Computer Science


The Department of Computer Science maintains a rigorous, state-of-the-art program in Computer Science and Information Technology with eight full-time faculty and more than 250 majors.

We offer research and advanced undergraduate elective courses in computer graphics, artificial intelligence, networks, software engineering, databases, human-computer interaction, game programming, and parallel processing. The hardware and software in our laboratories are continually updated to support our student and faculty needs. By pursuing a Bachelor of Science degree, you can prepare for a rewarding, challenging career in business, industry, or government, or establish a solid foundation for graduate studies and research.

Millersville University began teaching programming courses in 1963. The Computer Science B.S. degree was approved in 1975, and Information Technology B.S. degree with a Health Care Analytics Option was approved in 2020, and the MDST in Data Science was approved in 2020. The Department has graduated over 1,500 majors who have become active, contributing members of the computing profession.

Tutoring Spring 2023

The Department of Computer Science is offering group tutoring both in person and digitally this semester. When tutoring is held, the tutor will be in Roddy 140, helping students on a first-come, first-serve basis.  They will also be available through Zoom, Meeting ID: 959-6169-3862.

Zoom Tutoring

By Course:




Tuesday, Wednesday and Thursday evening


Monday, Tuesday, Wednesday and Thursday evening


Monday, Tuesday, Wednesday and Thursday evening


Tuesday, Wednesday and Thursday evening


Tuesday, Wednesday and Thursday evening


Monday, Tuesday, Wednesday and Thursday evening


Monday and Thursday evening


Tuesday and Thursday evening

By Day:

Day (Time)


Monday (5PM-8PM)

161, 162, 366, 380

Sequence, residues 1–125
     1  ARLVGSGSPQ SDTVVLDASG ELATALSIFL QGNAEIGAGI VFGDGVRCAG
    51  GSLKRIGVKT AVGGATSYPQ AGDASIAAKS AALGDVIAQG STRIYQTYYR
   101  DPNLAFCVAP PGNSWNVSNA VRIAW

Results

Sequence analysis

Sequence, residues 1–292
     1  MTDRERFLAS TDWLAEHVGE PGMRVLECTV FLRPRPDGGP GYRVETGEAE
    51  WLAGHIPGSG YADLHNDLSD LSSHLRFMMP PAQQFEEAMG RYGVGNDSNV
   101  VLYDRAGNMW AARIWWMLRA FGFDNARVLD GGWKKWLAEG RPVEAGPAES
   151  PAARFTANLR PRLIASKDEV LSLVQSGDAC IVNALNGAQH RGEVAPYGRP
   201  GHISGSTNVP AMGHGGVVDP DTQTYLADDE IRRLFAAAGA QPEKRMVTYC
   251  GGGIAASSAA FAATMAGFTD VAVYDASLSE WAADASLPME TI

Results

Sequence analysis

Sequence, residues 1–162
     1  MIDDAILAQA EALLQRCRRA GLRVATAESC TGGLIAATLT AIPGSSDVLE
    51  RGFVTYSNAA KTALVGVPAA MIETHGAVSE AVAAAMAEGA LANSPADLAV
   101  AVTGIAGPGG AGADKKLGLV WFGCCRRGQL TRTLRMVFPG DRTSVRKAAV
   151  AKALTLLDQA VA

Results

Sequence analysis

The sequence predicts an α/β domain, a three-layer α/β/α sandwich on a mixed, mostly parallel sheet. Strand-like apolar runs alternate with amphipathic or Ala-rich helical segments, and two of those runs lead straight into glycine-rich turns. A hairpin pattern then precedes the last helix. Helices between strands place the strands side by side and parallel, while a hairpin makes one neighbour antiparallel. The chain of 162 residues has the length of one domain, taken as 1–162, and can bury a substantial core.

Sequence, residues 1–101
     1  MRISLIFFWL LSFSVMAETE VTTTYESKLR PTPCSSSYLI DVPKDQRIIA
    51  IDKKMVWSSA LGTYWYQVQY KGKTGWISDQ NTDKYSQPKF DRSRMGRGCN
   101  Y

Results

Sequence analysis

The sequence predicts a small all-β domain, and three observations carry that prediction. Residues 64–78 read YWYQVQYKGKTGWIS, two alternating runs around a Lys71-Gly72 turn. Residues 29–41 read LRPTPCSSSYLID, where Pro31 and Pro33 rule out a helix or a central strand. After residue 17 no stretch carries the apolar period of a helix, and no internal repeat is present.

Tuesday (5PM-8PM)

 140, 161, 162, 330, 362, 366, 420

Wednesday (5PM-8PM)

140, 161, 162, 330, 362, 366

Thursday (5PM-8PM)

 140, 161, 162, 330, 362, 366, 380, 420

Introducing the CS Department Discord Community!

MUCS <3 Discord

The Department of Computer Science has a Discord Community which all students enrolled in Computer Science or Information Technology courses are encouraged to join. Discord is a social platform where people can collaborate and socialize together in text and/or voice channels.

We have premade channels for all courses, social activities, troubleshooting, and more. You can download Discord to your computer, phone, and/or tablet through your device's respective App Store or from

To join the Computer Science Department Discord Server, click this button:


Setting Up Development Environments

Trying to get your computer set up for your Computer Science class? We have guides to help you! 

Setting Up Development Environments

Cyber Defense Organization Qualifies for Regionals


Picture of CDO Team 2021

The MUCS Cyber Defense Organization competed in the qualifying rounds of the CCDC (National Collegiate Cyber Defense Competition) in March 2018 and placed 6th out of 25 teams. This qualified the team to compete in Regionals where they placed 4th out of 8 teams.  This is an outstanding achievement among very stiff competition.